Is "the ultimate Wikignome" a "hero of our times" or is he a quixotic "grammar vigilante"? History may be on your side. A debate regarding the correctness of "comprised of".
It has long been noted that style manuals and other usage advice frequently contain unintended examples of the usage they condemn. (This is sometimes referred to as Hartman's law or Muphry's law - an intentional misspelling of Murphy.) Starting from this observation, Joseph Williams' paper The Phenomenology of Error offers an examination of our selective attention to different types of grammatical and usage errors that goes beyond the descriptivism-prescriptivism debate. (alternate pdf link for "The Phenomenology of Error") [more inside]
Want to run for president in Kyrgyzstan? Better bone up on your Kyrgyz language skills. The 83 declared candidates are being tested, on live television on how well they can use the country's official language. Five grammar mistakes, and you're out. (Clearly, the election commissioners are prescriptivists.) The intent, it appears, is to weed out politicians with Russian educations.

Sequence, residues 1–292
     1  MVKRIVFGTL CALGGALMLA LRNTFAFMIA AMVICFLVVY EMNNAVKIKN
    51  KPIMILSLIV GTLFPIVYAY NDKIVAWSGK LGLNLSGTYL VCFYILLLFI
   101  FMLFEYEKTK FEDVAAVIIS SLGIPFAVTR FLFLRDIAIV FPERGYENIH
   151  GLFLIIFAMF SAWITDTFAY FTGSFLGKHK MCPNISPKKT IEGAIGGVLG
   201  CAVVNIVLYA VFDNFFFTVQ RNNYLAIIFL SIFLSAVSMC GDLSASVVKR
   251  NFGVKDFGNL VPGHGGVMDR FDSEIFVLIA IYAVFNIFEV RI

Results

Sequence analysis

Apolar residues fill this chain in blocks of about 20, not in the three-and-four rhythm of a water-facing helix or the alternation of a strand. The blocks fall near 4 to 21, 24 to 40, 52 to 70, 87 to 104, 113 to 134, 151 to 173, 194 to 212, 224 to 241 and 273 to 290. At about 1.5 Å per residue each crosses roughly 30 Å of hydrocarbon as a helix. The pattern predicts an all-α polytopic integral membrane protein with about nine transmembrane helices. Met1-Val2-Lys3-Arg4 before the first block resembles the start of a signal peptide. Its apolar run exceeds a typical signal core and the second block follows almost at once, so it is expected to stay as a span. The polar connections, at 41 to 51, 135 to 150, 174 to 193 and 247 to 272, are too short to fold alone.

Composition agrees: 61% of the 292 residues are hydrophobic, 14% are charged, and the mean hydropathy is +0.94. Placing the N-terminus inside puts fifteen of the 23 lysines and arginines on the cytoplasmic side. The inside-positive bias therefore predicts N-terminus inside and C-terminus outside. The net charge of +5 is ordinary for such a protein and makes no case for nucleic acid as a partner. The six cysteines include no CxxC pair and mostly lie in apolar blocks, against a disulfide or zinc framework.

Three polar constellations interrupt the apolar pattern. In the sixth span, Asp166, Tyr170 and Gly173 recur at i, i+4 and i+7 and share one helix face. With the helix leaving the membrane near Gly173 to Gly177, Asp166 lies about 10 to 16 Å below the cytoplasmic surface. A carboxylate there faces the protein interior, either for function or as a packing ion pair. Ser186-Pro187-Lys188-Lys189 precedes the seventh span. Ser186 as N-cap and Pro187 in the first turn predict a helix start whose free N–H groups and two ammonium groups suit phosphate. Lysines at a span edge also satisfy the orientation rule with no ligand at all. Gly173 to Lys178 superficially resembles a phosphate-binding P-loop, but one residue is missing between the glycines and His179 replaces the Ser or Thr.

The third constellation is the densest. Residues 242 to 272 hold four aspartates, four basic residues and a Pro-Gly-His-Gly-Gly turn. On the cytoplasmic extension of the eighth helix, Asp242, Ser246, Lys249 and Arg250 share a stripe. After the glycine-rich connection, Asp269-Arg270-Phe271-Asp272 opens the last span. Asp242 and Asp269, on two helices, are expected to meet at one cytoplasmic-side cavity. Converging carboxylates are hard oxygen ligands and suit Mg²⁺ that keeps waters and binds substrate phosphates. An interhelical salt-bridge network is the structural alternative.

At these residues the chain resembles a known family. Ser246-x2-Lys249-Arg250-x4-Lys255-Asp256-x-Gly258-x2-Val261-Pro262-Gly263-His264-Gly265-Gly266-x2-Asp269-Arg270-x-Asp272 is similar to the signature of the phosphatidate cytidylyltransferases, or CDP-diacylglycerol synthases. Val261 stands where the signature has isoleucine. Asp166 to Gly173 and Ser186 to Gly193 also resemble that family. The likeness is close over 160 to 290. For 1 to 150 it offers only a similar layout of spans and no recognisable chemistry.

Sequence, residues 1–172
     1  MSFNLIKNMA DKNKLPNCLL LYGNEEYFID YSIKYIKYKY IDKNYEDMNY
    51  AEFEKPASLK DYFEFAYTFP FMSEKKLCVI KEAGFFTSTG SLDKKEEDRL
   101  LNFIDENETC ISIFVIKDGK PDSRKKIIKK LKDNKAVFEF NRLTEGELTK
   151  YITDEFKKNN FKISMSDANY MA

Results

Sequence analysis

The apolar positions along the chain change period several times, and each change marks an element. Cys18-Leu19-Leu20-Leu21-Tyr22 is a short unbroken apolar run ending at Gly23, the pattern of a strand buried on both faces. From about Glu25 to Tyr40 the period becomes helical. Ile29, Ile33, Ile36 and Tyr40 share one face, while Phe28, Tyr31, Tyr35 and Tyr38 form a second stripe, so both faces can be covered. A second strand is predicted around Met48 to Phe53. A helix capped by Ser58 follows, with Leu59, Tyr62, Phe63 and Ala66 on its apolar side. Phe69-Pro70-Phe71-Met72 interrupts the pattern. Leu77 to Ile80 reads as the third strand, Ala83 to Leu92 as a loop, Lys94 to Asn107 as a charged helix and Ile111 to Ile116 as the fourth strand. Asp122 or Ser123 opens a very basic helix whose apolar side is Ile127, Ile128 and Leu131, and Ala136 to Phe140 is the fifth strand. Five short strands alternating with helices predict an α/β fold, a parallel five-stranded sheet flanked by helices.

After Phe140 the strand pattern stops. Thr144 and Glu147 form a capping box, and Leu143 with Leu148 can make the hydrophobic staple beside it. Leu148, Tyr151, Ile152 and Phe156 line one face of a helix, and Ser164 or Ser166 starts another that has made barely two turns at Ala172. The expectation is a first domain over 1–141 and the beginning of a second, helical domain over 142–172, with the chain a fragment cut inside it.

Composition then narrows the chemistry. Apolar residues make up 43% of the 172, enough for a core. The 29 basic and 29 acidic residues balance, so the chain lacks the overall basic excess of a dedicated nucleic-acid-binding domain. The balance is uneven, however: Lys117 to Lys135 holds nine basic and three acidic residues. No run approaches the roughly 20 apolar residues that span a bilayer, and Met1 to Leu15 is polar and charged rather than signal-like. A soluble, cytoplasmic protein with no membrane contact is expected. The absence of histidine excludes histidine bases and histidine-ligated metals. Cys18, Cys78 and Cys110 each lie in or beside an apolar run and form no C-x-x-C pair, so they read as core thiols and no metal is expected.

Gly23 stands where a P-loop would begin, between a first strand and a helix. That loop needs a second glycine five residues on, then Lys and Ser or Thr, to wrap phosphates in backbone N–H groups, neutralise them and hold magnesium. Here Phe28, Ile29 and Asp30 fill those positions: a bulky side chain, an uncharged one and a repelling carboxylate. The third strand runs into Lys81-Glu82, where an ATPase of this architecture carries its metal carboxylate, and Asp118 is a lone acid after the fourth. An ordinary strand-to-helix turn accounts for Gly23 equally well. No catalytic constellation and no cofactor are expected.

Language Log lists all their previous articles about prescriptivism vs. descriptivism (or at least a lot of them), plus a link to Geoffrey Pullum's Ideology, Power, and Linguistic Theory [pdf].
The "King of English", H.W. Fowler wrote A Dictionary of Modern English Usage. Although "modern linguists are almost by definition incapable of understanding the function of a book like Fowler’s Dictionary", the "half-educated Englishman of literary proclivities" who just wants to know: "Can I say so-&-so?’" may now buy the classic first edition of the Dictionary again. An earlier book, The King's English, is free for anyone seeking advice on Americanisms, Saxon words, the spot plague, archaism or split infinitives.